CONAKRY– Guinea and Liberia signed a deal on Friday to allow several mines in Guinea, including the giant Nimba iron-ore project, to export through Liberia, officials from the West African countries said.
The logistics of transporting tonnes of raw materials to port from mining sites in remote parts of Guinea has been a major hurdle for prospective developers of the country’s vast mineral wealth.
The agreement, which builds on an initial memorandum of understanding signed six years ago, is a victory for US-Canadian investor Robert Friedland‘s HPX, which last month acquired Nimba, a high-grade deposit in southeast Guinea.
“The mining projects in question are near the border with Liberia and cannot be profitable if they export through Guinea’s coast,” Guinea’s Mines Minister Abdoulaye Magassouba told Reuters.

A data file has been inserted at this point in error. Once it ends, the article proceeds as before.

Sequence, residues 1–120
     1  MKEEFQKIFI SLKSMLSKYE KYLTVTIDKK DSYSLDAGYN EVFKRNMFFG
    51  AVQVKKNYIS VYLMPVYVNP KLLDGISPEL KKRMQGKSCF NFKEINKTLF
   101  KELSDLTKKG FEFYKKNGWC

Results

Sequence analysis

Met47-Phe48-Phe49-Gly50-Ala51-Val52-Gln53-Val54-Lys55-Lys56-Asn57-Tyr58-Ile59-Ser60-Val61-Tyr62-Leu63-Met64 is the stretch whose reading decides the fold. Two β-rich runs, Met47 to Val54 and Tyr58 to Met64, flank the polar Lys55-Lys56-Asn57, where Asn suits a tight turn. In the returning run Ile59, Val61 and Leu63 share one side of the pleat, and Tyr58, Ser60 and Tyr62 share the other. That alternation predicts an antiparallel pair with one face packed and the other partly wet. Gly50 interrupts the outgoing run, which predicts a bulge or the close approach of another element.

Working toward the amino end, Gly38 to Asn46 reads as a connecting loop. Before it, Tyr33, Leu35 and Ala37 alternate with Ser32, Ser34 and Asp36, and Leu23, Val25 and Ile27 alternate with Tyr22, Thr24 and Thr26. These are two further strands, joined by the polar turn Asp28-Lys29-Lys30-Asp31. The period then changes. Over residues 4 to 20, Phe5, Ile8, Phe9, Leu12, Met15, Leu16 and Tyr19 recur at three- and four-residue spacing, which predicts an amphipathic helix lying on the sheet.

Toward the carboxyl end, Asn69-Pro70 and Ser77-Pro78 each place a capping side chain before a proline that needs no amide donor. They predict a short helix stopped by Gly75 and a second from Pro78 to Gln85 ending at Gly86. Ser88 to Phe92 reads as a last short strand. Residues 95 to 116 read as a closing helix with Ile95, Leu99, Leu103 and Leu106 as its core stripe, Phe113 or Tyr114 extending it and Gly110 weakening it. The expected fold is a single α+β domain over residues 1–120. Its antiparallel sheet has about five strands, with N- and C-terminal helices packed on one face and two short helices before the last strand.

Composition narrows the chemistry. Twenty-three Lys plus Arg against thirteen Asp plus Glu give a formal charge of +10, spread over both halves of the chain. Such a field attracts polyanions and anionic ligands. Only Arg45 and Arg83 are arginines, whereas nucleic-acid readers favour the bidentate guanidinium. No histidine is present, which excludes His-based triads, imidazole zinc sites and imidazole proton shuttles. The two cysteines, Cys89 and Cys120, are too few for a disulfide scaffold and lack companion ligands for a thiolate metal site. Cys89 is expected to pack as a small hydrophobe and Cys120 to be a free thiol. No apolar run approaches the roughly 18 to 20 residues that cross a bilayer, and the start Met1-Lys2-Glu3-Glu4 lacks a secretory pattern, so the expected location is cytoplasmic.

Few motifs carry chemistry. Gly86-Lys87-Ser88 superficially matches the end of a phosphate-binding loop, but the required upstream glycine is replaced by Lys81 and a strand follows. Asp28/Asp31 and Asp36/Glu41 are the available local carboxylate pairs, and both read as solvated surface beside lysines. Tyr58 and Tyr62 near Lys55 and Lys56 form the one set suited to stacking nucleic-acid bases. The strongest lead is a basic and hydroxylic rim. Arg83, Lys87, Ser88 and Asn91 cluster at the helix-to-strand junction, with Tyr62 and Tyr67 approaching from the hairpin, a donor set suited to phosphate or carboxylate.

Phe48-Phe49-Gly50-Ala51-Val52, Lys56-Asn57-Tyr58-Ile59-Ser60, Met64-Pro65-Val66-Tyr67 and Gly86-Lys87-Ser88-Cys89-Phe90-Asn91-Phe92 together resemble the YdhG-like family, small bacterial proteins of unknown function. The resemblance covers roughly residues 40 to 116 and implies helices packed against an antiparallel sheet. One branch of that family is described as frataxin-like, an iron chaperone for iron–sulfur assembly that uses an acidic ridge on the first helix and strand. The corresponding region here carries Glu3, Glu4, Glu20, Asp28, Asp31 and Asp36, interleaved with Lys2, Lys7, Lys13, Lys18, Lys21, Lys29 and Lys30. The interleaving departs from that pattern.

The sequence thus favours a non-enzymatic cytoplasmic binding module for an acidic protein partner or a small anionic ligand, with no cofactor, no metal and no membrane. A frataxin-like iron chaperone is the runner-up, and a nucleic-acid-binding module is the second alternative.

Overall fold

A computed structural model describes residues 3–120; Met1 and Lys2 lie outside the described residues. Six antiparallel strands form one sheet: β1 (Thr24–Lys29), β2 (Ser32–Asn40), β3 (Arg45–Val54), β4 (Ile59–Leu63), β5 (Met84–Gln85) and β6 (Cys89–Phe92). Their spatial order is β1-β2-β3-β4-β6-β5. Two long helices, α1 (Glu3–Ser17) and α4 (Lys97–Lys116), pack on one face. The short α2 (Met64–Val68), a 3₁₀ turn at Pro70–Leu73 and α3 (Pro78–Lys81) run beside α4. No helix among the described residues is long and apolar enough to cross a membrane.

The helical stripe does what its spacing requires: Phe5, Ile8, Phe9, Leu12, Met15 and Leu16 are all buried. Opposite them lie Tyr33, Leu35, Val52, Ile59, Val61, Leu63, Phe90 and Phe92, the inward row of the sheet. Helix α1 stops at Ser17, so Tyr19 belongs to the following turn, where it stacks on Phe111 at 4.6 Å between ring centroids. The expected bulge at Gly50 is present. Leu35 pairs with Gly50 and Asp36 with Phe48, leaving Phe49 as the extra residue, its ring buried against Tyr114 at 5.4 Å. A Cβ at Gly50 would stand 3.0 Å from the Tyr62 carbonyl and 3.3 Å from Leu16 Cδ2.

The authorisation to export via Liberia applies to the first five-million tonnes produced at the mines, Magassouba said, beyond which the government will evaluate the feasibility of exporting via a 650-km railway to the Guinean coast.
The “Transguineen” railway is to be built by the eventual owner of the much larger Simandou iron ore project, which the government insists must export through a Guinean port. Fortescue and SMB-Winning have bid to develop the mine.
Zogota, a nearby iron-ore deposit owned by former Xstrata boss Mick Davis‘ Niron Metals, has already negotiated an agreement to export through Liberia.
But Nimba and Zogota still need to reach agreements with Germany’s ArcelorMittal, the sole rail concession holder in Liberia, to allow them to use its infrastructure